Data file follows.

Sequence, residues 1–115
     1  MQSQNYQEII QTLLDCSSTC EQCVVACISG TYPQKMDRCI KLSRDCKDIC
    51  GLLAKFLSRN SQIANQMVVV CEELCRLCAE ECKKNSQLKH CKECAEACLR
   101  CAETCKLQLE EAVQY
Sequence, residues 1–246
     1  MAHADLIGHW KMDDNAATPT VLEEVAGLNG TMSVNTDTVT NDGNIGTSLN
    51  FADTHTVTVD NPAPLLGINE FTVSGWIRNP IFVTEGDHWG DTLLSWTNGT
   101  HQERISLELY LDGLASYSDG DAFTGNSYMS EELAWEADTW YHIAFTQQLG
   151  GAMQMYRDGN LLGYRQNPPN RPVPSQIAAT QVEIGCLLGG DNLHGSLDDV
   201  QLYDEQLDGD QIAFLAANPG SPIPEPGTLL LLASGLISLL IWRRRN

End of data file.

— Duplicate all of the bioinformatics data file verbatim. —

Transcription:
Sequence, residues 1–115
     1  MQSQNYQEII QTLLDCSSTC EQCVVACISG TYPQKMDRCI KLSRDCKDIC
    51  GLLAKFLSRN SQIANQMVVV CEELCRLCAE ECKKNSQLKH CKECAEACLR
   101  CAETCKLQLE EAVQY
Sequence, residues 1–246
     1  MAHADLIGHW KMDDNAATPT VLEEVAGLNG TMSVNTDTVT NDGNIGTSLN
    51  FADTHTVTVD NPAPLLGINE FTVSGWIRNP IFVTEGDHWG DTLLSWTNGT
   101  HQERISLELY LDGLASYSDG DAFTGNSYMS EELAWEADTW YHIAFTQQLG
   151  GAMQMYRDGN LLGYRQNPPN RPVPSQIAAT QVEIGCLLGG DNLHGSLDDV
   201  QLYDEQLDGD QIAFLAANPG SPIPEPGTLL LLASGLISLL IWRRRN